This is what Daniel Kahneman calls “ What you see is all there” is in his book Thinking, Fast and Slow. We tend to give more weight to what is prominent, and implicitly neglect what we don’t see.
I was reflecting on this big picture thing last weekend while visiting Bourton-on-the-Water, a little Cotswold village. One of its attractions is a 1/9 scale model of itself which, amusingly, contains a model of itself (which in turn contains an even smaller model!) There is not only an obvious bigger picture — the real-life version of the miniature village — but also a smaller picture. It’s like the obverse of my childhood fantasy: individual atoms, with their nucleus and a bunch of little electrons in orbits, might well be small solar systems, perhaps populated by tiny creatures well beyond our own ability to observe them.
Detail in the small picture
And just like we sometimes fail to see the bigger picture, we sometimes miss the smaller one too. We look at the wealth of nations (to coin a phrase) and see that the US has a GDP per capita just shy of $60,000. That puts the country 13th in the global stakes, well ahead of, say, a poorer country like Colombia with $14,500. It’s easy to assume an average American earning a decent income not a million miles from that GDP per capita number. (And indeed, the median annual US household income was $56,000 in 2015.) But that aggregate figure doesn’t show the smaller picture, in which we see that nearly 16 million American households must survive on less than $15,000 per year.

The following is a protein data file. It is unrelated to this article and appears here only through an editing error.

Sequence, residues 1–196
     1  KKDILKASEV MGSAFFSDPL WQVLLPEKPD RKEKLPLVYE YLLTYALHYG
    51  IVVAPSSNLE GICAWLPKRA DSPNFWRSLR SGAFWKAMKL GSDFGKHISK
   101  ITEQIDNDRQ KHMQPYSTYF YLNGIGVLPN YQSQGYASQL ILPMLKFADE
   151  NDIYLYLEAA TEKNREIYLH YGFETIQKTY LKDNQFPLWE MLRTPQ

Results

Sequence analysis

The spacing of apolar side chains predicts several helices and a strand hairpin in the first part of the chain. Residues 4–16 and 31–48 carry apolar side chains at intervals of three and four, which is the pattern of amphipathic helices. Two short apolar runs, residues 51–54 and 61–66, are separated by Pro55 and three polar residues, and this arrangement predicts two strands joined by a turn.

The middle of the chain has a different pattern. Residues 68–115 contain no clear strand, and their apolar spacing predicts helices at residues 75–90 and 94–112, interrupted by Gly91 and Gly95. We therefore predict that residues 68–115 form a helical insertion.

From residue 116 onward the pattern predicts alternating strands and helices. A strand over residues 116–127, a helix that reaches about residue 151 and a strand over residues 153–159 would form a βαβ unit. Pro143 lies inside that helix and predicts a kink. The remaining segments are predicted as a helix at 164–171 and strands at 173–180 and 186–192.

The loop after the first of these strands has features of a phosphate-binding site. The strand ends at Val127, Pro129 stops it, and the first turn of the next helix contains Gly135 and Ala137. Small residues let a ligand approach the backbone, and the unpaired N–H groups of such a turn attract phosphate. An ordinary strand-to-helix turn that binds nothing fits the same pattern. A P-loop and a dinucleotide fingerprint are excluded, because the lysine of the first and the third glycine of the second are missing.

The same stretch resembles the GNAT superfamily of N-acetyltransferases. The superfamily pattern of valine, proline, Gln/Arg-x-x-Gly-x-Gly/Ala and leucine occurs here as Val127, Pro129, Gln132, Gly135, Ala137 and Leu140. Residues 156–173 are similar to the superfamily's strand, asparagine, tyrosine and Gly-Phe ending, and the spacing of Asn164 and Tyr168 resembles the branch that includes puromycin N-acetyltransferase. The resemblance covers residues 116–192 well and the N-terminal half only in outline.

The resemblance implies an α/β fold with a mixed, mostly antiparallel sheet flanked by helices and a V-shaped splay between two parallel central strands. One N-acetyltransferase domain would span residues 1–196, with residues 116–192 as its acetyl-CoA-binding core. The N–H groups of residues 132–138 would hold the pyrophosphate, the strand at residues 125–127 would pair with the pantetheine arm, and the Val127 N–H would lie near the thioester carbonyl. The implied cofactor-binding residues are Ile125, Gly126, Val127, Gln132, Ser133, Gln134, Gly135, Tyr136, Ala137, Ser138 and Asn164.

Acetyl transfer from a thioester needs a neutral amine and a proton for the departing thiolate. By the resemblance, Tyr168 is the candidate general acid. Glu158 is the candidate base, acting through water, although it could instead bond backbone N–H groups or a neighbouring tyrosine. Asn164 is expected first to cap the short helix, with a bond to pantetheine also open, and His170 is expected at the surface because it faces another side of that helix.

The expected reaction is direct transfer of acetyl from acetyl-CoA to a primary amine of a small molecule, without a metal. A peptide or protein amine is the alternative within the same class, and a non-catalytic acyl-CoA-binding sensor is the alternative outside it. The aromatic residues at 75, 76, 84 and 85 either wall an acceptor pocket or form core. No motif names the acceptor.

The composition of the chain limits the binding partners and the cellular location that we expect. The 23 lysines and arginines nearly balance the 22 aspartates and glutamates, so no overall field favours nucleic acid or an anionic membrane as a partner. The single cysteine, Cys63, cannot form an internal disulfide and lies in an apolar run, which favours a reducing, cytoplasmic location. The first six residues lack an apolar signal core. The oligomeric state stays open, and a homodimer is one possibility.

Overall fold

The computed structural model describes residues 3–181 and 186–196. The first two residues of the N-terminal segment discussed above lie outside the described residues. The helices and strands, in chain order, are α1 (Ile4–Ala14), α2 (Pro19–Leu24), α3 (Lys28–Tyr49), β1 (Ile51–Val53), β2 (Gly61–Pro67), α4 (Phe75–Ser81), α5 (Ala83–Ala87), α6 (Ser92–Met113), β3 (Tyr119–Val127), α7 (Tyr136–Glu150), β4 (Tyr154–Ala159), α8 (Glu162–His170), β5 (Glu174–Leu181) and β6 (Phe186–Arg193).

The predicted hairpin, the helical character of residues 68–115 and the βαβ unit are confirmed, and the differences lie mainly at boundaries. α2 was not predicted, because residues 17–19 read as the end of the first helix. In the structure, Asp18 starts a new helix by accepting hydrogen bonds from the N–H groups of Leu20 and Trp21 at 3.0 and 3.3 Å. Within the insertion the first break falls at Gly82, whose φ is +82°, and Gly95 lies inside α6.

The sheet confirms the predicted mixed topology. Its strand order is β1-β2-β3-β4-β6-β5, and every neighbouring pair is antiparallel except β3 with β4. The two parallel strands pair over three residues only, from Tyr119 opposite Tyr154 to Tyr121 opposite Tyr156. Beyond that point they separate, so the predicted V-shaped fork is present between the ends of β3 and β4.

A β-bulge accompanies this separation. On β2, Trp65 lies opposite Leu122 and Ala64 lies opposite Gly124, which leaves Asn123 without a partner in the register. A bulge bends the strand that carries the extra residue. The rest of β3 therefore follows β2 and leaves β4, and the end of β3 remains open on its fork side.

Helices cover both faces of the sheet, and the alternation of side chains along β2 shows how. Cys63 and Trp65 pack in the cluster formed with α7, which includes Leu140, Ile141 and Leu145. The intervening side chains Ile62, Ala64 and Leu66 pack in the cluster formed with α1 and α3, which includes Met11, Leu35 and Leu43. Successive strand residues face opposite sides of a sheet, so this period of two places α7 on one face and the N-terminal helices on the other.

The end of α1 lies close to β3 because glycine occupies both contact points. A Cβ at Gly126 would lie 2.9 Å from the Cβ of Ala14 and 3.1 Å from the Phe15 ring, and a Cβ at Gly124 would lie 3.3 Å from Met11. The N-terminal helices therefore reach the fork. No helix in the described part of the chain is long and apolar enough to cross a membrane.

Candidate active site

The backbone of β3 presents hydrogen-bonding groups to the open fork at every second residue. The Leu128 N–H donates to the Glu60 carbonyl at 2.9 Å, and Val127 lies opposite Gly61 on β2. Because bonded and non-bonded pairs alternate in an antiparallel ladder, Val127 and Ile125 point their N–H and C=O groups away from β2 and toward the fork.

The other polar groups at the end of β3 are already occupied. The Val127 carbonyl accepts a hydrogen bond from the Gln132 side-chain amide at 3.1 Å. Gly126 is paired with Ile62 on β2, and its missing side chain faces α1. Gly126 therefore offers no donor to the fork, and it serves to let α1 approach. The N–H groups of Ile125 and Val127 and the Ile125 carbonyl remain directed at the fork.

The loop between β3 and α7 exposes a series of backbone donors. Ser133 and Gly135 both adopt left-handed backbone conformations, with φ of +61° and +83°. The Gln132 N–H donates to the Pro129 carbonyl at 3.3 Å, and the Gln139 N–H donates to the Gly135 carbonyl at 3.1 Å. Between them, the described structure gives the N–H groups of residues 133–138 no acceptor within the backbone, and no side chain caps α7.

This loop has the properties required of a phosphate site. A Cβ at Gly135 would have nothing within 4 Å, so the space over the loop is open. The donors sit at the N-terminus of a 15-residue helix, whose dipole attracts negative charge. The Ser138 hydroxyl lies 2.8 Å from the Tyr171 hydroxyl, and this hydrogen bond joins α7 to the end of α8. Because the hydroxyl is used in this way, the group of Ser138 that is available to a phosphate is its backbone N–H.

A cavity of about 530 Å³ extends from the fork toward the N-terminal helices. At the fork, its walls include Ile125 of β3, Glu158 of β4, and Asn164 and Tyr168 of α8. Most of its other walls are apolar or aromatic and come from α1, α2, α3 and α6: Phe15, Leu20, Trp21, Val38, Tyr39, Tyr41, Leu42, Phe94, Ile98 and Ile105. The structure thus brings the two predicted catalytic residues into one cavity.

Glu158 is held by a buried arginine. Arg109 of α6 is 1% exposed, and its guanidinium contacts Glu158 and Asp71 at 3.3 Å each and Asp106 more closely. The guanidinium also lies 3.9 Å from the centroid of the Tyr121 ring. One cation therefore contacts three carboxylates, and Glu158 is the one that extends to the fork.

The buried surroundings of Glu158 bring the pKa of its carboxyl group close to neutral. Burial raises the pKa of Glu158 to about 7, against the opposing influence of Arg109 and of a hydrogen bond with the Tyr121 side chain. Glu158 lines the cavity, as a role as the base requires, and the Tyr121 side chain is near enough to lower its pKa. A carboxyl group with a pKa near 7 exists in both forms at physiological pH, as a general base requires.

Smaller pictures may reveal qualitative rather than quantitative stories too. The British government maintains that there are alternative administrative and technology solutions which, in the imminent Brexit, would avoid a hard border between the republic of Ireland and the British province of Northern Ireland, without the need for the vexed backstop. Trusted trader schemes would eliminate the need for checks at the border itself, and replace it with checks at the final destination for participating businesses. That is at least the big picture, which reflects the bulk of the goods traffic between the two countries. But in the small picture, there are not only the small businesses for which this arrangement would be a lot harder, but also numerous individual situations for which a hard border would be all too real, as suggested in this twitter thread. Nurses who treat patients in both countries carrying medication and medical equipment to and fro, cross-border arrangements for medical emergencies with ambulances or helicopters, home deliveries of bread either side of the border, cross-border shopping — none of this would be addressed by the big picture interventions.
“People and their daily lives” are often invisible in the big picture, but that doesn’t make their personal story any less real and indeed dramatic in the small picture.
If we really want to understand the world, we need to be aware of our tendency to draw conclusions just from the current picture, and of the mistakes we may be making if that is what we do. If we consider the bigger picture, we can evaluate a specific situation against a wider reference and avoid mistaking it as representative, or as unlikely. By considering the smaller picture we avoid assuming that everything is like the average, or like the majority.
Perhaps it is a good idea to imagine ourselves in a model village, and remember to both look up to the real thing, and down to the model of the model.
Originally published at http://koenfucius.wordpress.com on August 30, 2019.
Thank you for reading this article — I hope you enjoyed it. Please do share it far and wide — there are handy Twitter and Facebook buttons nearby, and you can click here to share it via LinkedIn, or simply copy and paste this link. See all my other articles featuring observations of human behaviour (I publish one every week) here. Thanks!